An unnamed individual crossed the strongly fortified border into North Korea, according to the South Korean military on Sunday.
The individual had been observed by monitoring equipment near the Demilitarized Zone on the eastern side of the border, but had eluded arrest by South Korean military on Saturday night. According to Joint Chiefs of Staff personnel, surveillance subsequently discovered the guy crossing the border.
According to the police, South Korea sent a message to North Korea on Sunday morning to secure the person’s safety, but the North has not answered, citing department norms.
It was unclear if this was a rare example of a South Korean attempting to defect to the North, or if it was a North Korean who momentarily crossed South Korean territory before returning to the North for whatever reason.
North Korea fatally shot a South Korean fisheries employee who was found drifting in their seas along a poorly delineated maritime boundary in September 2020. According to South Korea, North Korean military have been ordered to kill anyone crossing the border illegally in order to defend against the coronavirus outbreak.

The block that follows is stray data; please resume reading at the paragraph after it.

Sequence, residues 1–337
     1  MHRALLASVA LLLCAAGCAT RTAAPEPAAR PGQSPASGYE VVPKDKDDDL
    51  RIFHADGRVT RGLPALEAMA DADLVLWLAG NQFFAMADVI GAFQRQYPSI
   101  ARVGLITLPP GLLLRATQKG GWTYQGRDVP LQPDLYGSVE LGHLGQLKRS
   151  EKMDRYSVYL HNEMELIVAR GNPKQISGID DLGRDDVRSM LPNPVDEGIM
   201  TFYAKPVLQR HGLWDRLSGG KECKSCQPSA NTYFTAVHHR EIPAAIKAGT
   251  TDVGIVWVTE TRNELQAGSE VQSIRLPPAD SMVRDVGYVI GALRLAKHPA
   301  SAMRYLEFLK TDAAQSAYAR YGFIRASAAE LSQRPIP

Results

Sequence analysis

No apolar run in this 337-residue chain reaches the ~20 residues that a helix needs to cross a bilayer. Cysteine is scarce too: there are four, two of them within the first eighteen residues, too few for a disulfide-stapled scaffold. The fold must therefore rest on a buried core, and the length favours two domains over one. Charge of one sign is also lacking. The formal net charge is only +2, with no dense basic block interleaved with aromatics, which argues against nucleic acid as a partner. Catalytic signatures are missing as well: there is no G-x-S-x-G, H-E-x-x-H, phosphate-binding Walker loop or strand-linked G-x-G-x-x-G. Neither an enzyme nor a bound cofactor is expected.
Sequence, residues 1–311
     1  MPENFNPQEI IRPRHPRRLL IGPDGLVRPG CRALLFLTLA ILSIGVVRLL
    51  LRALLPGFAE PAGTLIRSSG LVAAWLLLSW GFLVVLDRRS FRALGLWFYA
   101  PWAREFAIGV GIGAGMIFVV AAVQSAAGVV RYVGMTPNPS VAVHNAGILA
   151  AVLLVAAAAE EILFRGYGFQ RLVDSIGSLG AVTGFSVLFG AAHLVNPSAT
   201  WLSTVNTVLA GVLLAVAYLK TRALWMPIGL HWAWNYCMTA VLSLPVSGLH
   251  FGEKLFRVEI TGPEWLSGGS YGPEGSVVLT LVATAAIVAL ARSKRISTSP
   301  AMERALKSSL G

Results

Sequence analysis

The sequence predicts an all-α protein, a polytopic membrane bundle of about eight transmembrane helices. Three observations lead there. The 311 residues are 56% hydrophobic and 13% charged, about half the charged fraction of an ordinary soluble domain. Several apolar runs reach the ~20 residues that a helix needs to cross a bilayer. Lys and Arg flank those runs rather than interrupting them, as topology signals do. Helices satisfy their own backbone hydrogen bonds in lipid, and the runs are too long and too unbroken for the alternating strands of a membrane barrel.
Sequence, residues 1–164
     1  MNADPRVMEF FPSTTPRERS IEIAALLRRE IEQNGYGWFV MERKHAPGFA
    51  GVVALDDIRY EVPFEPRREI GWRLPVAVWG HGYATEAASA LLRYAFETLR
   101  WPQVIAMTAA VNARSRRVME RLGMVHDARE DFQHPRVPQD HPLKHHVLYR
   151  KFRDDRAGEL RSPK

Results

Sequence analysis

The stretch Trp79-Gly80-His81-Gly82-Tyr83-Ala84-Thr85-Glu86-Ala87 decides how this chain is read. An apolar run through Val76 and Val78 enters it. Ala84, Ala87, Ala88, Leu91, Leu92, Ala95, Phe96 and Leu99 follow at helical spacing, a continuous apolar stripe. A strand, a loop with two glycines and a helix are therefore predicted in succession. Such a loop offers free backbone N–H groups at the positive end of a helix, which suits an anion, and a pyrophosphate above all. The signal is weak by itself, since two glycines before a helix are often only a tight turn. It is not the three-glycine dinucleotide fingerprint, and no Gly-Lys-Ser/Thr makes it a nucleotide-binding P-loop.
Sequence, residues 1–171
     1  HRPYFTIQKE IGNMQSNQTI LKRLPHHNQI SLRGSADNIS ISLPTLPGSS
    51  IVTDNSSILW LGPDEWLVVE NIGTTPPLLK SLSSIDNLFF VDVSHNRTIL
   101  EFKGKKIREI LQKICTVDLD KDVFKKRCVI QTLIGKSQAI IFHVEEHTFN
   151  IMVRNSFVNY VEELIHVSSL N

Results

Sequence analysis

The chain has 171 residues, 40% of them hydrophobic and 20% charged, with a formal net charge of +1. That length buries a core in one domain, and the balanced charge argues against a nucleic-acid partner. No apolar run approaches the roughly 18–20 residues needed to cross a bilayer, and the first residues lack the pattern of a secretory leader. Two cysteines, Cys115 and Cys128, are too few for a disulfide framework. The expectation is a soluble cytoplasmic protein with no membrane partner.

After a North Korean defector with COVID-19-like symptoms returned home earlier in 2020, North Korean leader Kim Jong Un placed a border city under strict lockdown. That defector’s fate, who had lived in South Korea, remains unknown.
North Korea said on Saturday that at a high-profile governing party conference last week, it had resolved to prioritize severe virus prohibitions.
The Demilitarized Zone, which separates the two Koreas, is the world’s most heavily armed border. Inside and around the 248-kilometer (155-mile) long, 4-kilometer (2.5-mile) wide DMZ, which is additionally defended by barbed wire walls, tank traps, and combat personnel on both sides, an estimated 2 million mines are strewn about.
Defecting via the DMZ is an uncommon occurrence. Both Koreas deployed agents and spies to each other’s territory over the DMZ during the Cold War, but no such events have been recorded in recent years.
Since the late 1990s, over 34,000 North Koreans have defected to South Korea to escape poverty and political tyranny, with the great majority arriving via China and Southeast Asian nations.
Experts have questioned North Korea’s claim of a spotless record because it has yet to register any instances of the coronavirus.